Childhood, Well-Being and a Therapeutic Ethos

Author(s) : Richard House, Author(s) : Del Loewenthal

Childhood, Well-Being and a Therapeutic Ethos

Book Details

Reviews and Endorsements

With a foreword by the Archbishop of Canterbury.

All is clearly not well with children's well-being in the Anglo-Saxon West, as witnessed by a steady stream of research reports that place children's well-being in the UK and the USA very near, if not at, the bottom of international tables. This mounting cultural and political concern for children's well-being has been buttressed by high-profile media interest in the "toxic childhood" theme popularized by author Sue Palmer, and highlighted in the Open Letter published by the Daily Telegraph; and the chapters in this important new book arose directly from the addresses given by prominent Open Letter signatories to an expert seminar organized by Roehampton University's Research Centre for Therapeutic Education in December 2006.

'No-one can now ignore the fact that a serious debate about the welfare of children has at last begun in our society. And, appropriately, it has started to open up a wider debate about the nature of learning and even the nature of human maturity. The essays in this collection are significant not only for what they say about childhood but for what they invite us to think about human growth and wellbeing in general.'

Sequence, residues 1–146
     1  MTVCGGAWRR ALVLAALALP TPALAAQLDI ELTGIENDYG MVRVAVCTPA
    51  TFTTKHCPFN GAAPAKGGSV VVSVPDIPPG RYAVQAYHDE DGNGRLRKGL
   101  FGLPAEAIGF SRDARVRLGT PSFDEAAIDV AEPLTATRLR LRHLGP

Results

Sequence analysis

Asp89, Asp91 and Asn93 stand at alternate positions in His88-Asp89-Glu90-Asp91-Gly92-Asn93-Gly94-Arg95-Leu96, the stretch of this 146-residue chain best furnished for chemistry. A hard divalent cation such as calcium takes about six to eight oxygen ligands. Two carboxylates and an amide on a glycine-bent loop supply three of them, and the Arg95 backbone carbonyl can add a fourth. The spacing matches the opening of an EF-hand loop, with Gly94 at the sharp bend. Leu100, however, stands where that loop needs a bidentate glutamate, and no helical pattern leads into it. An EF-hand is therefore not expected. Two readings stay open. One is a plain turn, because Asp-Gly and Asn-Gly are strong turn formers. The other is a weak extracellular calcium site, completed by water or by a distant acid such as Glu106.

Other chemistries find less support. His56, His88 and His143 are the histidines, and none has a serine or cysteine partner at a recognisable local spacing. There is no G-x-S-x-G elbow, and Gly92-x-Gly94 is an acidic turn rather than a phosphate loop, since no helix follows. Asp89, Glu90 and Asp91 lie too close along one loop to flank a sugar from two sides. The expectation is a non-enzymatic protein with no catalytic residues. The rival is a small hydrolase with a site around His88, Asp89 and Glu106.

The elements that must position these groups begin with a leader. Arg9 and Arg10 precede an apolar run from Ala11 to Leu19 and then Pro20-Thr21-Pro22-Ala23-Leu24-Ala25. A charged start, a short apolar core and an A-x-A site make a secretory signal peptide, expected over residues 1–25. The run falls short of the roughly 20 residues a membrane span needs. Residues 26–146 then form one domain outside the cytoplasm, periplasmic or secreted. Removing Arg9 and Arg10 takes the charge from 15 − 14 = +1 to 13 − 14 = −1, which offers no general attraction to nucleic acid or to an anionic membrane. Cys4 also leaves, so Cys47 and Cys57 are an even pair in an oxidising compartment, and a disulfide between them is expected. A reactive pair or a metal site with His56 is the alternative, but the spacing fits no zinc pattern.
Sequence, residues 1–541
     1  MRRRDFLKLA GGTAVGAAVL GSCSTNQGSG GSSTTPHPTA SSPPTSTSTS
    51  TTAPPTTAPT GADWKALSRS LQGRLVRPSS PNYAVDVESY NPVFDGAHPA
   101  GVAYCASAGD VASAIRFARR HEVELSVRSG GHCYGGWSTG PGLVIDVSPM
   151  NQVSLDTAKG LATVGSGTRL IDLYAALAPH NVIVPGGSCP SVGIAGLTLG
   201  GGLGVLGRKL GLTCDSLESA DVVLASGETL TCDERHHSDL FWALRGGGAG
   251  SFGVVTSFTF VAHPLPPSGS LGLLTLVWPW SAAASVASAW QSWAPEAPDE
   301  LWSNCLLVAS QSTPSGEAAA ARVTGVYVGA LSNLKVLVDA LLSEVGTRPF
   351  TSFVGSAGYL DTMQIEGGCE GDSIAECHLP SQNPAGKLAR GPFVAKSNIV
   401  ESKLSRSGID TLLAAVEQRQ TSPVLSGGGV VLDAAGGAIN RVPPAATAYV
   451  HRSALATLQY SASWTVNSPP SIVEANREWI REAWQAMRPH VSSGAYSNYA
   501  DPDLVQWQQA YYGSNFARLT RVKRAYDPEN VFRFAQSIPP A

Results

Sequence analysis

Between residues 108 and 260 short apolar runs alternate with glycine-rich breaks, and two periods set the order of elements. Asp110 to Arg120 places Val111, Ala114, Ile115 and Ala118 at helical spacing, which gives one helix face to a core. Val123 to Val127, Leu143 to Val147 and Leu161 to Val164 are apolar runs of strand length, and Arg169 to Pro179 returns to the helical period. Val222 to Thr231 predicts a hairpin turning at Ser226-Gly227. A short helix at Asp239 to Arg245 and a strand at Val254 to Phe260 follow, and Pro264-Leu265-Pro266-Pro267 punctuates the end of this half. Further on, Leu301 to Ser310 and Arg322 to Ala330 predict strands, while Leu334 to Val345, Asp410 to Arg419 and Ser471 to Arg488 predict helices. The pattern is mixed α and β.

- Dr Rowan Williams, The Archbishop of Canterbury

'This is a timely and extremely interesting book comprising a series of essays by well-known writers and researchers, including the two authors. A foreword by the Archbishop of Canterbury, Dr Rowan Williams, sets the tone of the book.
The book is divided into four parts. The first has three essays, including one by Sue Palmer expanding on her theme of a 'toxic childhood', and Bob Reitemeier discusses the recent Children's Society inquiry. Christopher Clouder looks at the challenge of modern childhood and 'our common human sense of responsibility'.
The second section includes Sue Gerhardt's reminder of the importance of infant experiences. Section Three takes a more therapeutic stance, with an extremely interesting and challenging essay by Kathyrn Eccleston. Section 4 is devoted to the importance of play, with some case study examples of the roots of playfulness.
There is a huge amount of both information and reflection within each of the chapters by the various authors, all of whom are prominent in their respective fields, and so this book will prove a very useful resource to a wide range of both practising professionals and students. It is not an especially easy read, but is rewarding and thought-provoking.'
- Reviewed by Dr Maria Robinson, early years consultant and author

'The essays in this timely book are a real treasure chest of goodies, which bring different perspectives to the issue of children's well being and what a therapeutic ethos can bring. They will provoke more debate and discussion, and I hope research.'
- Martin Large, Hawthorn Press

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